Every once in a while, er – well, more often than care to admit, I open up my Netflix DVD mailer and find a movie that I don’t even recall having put into my queue. Such was the case when I found Stranger Than Paradise waiting for me in my mailbox last week, and I really had no idea what the movie was except that it was an early Jim Jarmusch movie. And I don’t really know all that much about Jim Jarmusch, even, except that I’ve heard some of my more pretentious indie movie snob friends drop his name here and there in the past. I did watch Broken Flowers when it showed at my local art-house theater back when I lived in Illinois, and then later picked up the DVD for $3 on a clearance rack at Ross Dress-for-Less here in California. Though I guess those choices were more informed by my love of Bill Murray than by my ill-formed opinions of Jarmusch. But anyway, I should really start talking about Stranger Than Paradise.
Probably one of first observations I should offer about this movie is that it is definitely not a movie for those who struggle with attention deficits of any kind. Not a whole lot happens in this movie, and the things that do happen don’t exactly happen fast. I am, however, willing to risk sounding like I’m praising the emperor’s wonderful new wardrobe by saying that I think this movie is certainly worth the investment. Something about the slow and quiet progression of events in the movie seems to force a sense of intimacy with the three main characters, Willie, Eva, and Eddie.
It comes from a cow? It doesn’t even look like meat.
The basic plot summary of the movie is Willie, a New Yorker of Hungarian descent who desperately wants to avoid being seen as ethnic, reluctantly agrees to let his cousin Eva stay briefly with him in his tiny apartment when she comes to the US from Budapest. While there, she also meets Willie’s friend Eddie before she moves on to Ohio. Willie and Eddie, looking for something to do with themselves as their hustle in New York has gotten stale, decide to take a road trip to Ohio to visit Eva in her new surroundings. They then convince Eva to come along with them to Florida to the chagrin of Willie’s aunt. In Florida, Willie and Eddie try to make money at the horse track while Eva begrudgingly sits in the hotel room waiting for them to come back.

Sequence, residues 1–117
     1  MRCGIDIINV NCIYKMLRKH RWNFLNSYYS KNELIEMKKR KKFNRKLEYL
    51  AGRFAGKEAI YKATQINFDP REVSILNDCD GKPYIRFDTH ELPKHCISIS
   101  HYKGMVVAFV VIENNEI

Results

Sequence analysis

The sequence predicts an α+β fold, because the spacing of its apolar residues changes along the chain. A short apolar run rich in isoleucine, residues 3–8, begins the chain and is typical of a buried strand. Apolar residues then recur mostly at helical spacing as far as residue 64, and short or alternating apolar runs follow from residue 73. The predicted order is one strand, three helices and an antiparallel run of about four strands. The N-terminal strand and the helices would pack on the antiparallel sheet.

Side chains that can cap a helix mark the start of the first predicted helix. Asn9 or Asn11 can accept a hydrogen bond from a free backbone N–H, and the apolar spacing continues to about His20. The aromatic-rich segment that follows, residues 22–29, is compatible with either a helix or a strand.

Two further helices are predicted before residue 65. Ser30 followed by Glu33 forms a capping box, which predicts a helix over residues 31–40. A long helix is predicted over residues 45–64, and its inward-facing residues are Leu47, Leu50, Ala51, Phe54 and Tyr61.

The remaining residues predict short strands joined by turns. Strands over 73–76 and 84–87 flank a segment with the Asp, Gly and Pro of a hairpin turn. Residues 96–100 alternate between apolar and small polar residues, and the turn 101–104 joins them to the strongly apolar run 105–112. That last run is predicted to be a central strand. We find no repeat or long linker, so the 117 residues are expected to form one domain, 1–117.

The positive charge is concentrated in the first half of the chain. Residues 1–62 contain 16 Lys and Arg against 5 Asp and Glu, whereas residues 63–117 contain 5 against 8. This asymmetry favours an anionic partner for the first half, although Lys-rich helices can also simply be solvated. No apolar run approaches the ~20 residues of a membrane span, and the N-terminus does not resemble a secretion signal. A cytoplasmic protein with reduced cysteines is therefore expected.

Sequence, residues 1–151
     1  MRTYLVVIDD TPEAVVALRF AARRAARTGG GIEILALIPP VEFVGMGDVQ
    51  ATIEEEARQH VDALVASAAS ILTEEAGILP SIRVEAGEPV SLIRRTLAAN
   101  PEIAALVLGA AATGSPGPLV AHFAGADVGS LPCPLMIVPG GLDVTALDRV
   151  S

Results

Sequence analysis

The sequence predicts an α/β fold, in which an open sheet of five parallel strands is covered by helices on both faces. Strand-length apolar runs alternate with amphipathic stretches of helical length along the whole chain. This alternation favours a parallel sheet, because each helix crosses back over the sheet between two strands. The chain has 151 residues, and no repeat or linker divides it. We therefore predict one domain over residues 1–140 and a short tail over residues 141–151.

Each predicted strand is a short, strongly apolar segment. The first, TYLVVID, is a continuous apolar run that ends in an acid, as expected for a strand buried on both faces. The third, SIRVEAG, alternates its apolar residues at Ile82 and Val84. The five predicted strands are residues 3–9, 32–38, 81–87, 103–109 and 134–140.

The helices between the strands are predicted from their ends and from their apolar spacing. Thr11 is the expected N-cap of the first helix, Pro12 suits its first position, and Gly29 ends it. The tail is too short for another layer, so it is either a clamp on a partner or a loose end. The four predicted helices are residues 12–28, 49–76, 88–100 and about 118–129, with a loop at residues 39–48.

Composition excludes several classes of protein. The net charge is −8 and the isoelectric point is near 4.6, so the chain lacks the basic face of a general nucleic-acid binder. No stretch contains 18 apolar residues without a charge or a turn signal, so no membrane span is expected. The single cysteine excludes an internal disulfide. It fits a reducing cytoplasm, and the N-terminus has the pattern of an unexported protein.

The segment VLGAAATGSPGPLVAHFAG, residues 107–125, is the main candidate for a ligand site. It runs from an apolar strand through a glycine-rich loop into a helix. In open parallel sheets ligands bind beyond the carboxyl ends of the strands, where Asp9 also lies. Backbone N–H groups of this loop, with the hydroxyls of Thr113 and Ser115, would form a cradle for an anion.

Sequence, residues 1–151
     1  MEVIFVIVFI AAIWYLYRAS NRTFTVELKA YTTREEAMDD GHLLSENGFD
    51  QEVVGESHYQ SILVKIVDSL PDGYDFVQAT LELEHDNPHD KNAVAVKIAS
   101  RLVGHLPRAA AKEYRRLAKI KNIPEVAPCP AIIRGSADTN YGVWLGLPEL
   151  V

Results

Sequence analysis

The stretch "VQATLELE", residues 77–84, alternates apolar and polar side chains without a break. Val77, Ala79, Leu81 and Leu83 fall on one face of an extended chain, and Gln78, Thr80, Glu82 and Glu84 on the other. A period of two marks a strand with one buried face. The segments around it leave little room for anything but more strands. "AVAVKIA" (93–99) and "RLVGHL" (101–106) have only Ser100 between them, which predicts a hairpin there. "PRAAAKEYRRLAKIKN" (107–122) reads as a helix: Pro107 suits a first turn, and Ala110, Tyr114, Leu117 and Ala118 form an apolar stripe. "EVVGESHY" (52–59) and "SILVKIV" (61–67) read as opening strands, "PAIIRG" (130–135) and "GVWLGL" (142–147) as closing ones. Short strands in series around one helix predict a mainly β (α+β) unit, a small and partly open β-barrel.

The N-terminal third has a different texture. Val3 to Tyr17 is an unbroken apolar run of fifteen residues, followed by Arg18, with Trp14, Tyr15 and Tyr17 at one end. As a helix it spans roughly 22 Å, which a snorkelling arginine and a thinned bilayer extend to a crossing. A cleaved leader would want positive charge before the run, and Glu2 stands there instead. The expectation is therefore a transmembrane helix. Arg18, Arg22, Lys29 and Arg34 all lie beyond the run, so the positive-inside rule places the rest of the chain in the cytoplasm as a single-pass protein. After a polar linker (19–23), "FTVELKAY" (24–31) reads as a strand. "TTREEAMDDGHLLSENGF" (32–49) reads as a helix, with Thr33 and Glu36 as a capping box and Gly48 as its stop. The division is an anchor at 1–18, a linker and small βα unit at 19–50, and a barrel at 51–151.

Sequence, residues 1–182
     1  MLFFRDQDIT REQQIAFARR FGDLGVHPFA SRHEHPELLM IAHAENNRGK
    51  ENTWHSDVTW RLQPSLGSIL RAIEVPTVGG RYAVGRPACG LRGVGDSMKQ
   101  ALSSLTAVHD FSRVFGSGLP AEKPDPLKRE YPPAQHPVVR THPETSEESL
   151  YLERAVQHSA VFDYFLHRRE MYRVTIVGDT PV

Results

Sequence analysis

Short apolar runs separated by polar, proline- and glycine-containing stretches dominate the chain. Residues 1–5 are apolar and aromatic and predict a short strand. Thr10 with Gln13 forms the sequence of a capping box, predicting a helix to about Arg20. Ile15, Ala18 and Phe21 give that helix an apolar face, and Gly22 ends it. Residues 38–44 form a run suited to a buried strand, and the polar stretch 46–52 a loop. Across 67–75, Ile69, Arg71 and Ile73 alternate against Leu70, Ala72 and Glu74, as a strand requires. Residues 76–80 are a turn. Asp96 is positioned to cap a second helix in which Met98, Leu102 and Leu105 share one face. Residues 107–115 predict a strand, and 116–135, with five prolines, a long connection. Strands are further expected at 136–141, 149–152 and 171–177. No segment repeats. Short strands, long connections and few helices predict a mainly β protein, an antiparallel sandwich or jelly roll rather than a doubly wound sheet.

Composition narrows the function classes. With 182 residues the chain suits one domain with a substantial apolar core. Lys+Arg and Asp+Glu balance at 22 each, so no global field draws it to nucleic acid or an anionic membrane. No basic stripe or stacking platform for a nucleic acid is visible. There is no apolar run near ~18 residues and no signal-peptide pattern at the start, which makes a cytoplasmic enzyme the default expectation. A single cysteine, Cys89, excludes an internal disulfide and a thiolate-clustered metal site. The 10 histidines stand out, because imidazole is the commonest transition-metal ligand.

As I said above, the slow, quiet progression of this movie allows for a sense of intimacy with these characters that makes their situations and feelings compelling in a soft, understated manner. In the small New York apartment, Willie’s annoyance at having to take care of his cousin, and then his slow but steady transition in how he gets along with her, is quite convincing. Similarly, when he and Eddie are in Ohio enlisting Eva for the trip to Florida, it really does convey a nice feeling of being on a spontaneous road trip with friends. The ensuing events that take place in Florida – some of which seem far-fetched and outlandish – still continue with this sense of verisimilitude, which is perhaps a part of what Jarmusch is shooting for all along.
Included: awesome string of Hungarian expletives
In the end, this movie – though shot in black and white – didn’t feel nearly as old as it is to this viewer. Maybe it has to do with the cutting edge vision of the indie writer/director, or maybe it’s just me. Anyone else seen this one, or Jarmusch’s other work? What are your thoughts?